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Market Commentary: Week to 13 June 2023

Market Commentary: Week to 13 June 2023

13 June 2023

Market News

The UK housing market was one of the key areas of focus this week as UK Halifax house price data was announced. The data showed a flat reading in May, but on an annual basis prices fell 1% versus consensus for a 0.9% drop. This was the first annual decline in prices since December 2012. Halifax did highlight that given the flat monthly reading, the annual decline reflects strong house price growth this time last year. This has shown a shift from the brief upturn in prices seen at the beginning of the year as the impact of higher interest rates feeds through into the market. This is largely impacting those with expiring fixed rate mortgage deals as they need to refinance at higher rates.

Halifax anticipates further downward pressure on prices as confidence is impacted by the expectation of further rate rises. Note that Halifax, which is the country's biggest lender, hiked rates on two-year deals with a 60% loan-to-value ratio to 5.36% overnight, which compared with 4.54% on the 1st June. This has been similar among other lenders and has fuelled expectations that prices may fall steadily towards the year-end and may not bottom out until 2025. Moody’s, one of the leading rating agencies, said that UK house prices are likely to fall 10% over the next two years. The rating agency also stated that a sharper drop could hurt the economy and undermine the credit quality of the sector.

The Bank of England is facing a difficult balancing act. Inflation remains at elevated levels which requires further monetary tightening, but also runs the risk of tipping the economy into a recession. Markets are fully priced for a 0.25% rate hike to 4.75% at the next meeting on 22 June, with expectations of rates reaching 5.5% by the end of the year.

A survey by EY, one of the “Big Four” accounting firms, showed that London remains Europe’s top destination for financial services. Britain saw an increase of 17% on the number of financial services projects it secured in 2022. This is despite the economic downturn and political instability in Westminster and demonstrates the strength and resilience of the UK market.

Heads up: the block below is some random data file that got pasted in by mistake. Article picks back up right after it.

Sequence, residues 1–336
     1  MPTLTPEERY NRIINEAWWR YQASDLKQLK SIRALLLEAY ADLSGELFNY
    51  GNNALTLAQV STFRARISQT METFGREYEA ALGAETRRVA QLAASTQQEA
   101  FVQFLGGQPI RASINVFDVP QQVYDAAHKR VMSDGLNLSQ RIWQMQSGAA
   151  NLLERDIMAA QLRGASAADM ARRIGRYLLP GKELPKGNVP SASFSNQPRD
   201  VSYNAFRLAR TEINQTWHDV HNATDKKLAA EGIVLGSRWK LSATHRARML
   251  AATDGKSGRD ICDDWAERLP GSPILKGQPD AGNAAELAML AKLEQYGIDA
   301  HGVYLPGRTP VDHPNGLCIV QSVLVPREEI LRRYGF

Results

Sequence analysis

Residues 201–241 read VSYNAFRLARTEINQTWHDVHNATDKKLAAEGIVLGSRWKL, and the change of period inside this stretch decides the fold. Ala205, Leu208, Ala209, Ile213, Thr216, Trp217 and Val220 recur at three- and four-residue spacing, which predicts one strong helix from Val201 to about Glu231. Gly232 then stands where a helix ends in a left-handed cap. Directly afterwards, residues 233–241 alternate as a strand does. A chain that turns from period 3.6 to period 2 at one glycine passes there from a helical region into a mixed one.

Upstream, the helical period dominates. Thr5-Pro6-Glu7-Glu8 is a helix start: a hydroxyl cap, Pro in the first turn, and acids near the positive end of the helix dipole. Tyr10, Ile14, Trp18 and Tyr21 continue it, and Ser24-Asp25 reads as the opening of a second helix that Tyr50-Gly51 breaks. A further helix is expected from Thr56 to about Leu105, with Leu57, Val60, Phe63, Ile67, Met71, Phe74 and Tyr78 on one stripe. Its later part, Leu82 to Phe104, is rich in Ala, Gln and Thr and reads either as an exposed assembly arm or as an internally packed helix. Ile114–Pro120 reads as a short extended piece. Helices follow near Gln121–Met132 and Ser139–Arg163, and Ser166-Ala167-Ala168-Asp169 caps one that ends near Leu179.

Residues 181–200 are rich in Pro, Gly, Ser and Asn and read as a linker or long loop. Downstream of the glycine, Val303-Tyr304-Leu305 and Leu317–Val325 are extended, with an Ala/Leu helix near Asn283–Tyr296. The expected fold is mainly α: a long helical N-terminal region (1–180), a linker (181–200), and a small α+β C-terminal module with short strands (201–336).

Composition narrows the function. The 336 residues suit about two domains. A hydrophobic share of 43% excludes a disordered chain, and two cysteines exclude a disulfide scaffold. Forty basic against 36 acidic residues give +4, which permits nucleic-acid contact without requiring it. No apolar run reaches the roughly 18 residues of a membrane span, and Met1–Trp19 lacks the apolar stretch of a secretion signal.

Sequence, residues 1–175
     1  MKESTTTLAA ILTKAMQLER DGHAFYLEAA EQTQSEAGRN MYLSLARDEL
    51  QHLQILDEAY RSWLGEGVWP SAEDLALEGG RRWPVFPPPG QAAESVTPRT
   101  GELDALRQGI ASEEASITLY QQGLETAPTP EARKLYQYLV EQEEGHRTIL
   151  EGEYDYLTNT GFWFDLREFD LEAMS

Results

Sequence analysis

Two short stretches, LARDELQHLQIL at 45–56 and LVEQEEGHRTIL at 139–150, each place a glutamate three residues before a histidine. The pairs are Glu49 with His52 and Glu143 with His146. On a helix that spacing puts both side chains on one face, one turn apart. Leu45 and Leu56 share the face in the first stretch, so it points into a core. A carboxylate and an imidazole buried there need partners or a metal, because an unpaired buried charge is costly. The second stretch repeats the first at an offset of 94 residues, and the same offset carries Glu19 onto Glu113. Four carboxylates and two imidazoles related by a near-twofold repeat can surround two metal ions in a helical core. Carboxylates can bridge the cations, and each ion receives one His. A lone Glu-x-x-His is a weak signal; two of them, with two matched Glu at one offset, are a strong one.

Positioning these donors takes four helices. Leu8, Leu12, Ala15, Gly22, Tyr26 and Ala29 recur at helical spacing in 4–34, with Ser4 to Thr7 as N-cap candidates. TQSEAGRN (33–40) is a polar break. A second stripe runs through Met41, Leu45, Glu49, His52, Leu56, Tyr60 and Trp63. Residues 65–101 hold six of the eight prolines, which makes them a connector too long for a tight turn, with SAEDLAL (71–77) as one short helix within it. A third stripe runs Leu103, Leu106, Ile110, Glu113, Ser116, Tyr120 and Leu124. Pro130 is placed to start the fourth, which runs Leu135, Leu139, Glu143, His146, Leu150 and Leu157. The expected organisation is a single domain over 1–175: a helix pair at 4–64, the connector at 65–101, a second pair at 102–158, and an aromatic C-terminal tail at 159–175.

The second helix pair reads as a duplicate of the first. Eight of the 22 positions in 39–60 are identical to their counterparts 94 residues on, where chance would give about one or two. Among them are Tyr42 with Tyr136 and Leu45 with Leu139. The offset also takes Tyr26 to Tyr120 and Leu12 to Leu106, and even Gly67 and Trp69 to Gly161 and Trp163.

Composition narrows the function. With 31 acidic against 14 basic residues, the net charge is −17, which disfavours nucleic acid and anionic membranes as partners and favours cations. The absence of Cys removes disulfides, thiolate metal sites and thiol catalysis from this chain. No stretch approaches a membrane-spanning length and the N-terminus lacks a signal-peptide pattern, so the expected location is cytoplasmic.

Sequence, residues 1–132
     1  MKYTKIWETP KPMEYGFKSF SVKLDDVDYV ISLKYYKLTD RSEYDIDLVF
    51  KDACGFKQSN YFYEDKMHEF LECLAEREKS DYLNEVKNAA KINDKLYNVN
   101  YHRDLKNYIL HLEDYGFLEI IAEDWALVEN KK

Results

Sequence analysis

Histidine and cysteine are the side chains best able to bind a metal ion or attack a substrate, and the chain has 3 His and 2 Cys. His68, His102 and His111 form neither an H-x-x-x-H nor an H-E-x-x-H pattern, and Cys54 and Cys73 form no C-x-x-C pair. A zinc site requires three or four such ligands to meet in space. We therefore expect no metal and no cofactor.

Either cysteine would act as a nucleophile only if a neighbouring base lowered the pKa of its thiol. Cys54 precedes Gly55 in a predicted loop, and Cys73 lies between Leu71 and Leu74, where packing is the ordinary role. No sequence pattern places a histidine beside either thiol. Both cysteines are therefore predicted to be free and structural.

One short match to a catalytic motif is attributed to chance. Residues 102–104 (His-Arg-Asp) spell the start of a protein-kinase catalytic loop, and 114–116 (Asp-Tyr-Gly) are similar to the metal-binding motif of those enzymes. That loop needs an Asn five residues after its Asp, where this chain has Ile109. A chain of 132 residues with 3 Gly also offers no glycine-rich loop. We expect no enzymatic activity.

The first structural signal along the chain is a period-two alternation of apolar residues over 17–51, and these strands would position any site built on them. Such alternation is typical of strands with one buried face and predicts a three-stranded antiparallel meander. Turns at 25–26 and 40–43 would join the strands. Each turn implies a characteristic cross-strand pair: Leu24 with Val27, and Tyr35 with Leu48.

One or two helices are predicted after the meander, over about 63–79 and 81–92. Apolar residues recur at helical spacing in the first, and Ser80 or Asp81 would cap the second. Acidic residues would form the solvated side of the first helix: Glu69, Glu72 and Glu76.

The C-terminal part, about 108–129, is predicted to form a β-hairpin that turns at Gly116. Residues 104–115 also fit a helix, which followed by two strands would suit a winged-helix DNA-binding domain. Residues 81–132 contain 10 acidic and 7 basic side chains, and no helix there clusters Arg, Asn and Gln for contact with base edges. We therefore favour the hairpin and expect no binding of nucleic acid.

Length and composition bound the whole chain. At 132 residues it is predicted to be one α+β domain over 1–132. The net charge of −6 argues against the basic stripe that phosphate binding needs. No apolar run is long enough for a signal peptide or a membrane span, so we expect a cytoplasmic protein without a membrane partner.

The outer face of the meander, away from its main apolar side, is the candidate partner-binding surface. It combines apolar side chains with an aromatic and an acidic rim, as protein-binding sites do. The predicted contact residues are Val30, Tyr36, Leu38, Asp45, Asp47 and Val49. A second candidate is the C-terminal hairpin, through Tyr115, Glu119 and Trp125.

The Eurozone economy contracted 0.3% in the first quarter, the second consecutive quarter of decline. This puts the Eurozone in a technical recession and was driven by a slowdown in activity, which was exacerbated by the war in Ukraine. Interestingly, Europe’s sovereign borrowers sold €27 billion of debt last week, the busiest week since the onset of the pandemic in March 2020. This shows that investors are still willing to buy debt issued by European governments despite the economic uncertainty caused by the war in Ukraine.

Stock Focus

Indivior, a global pharmaceutical company, saw its shares surge approximately 16% last week as the company announced an agreement to a partial settlement over its antitrust litigation in the US. Indivior has agreed to pay 41 states and the District of Columbia $102.5 million. Payment will be made from cash resources in June 2023. The company has a strong cash position and the announcement was reassuringly in line with the overall estimated provision.

Croda International, the British speciality chemicals company, saw a decline in its share price by approximately 15% last week after issuing a trading update detailing that full year 2023 profit is now expected to be lower. This was due to customer destocking in consumer and industrial end-markets. The company announced this is expected to continue into the second half of the year. Destocking in Croda’s Consumer Care division has been well noted, but management commented that Crop Protection started the year well but is now experiencing rapid customer destocking. This led to numerous analysts updating their expectations, resulting in a downgrade for Croda.

Boohoo, the British online fashion retailer, experienced a 14% drop in its share price last week due to analyst downgrades of the stock. The company has been trying to implement a shift towards domestic US fulfilment. Boohoo approved the opening of a US distribution centre when markets had a very different outlook. The expectations at the time for US revenues were likely three times the current run-rate when management agreed to the project. The changed outlook makes it difficult to see how the company will break even on the project, particularly as automation expectations appear difficult to justify. This lowers the expectations of future growth potential, which has therefore been reflected in the price.

Market Commentary prepared by Walker Crips Investment Management Limited.

Important information

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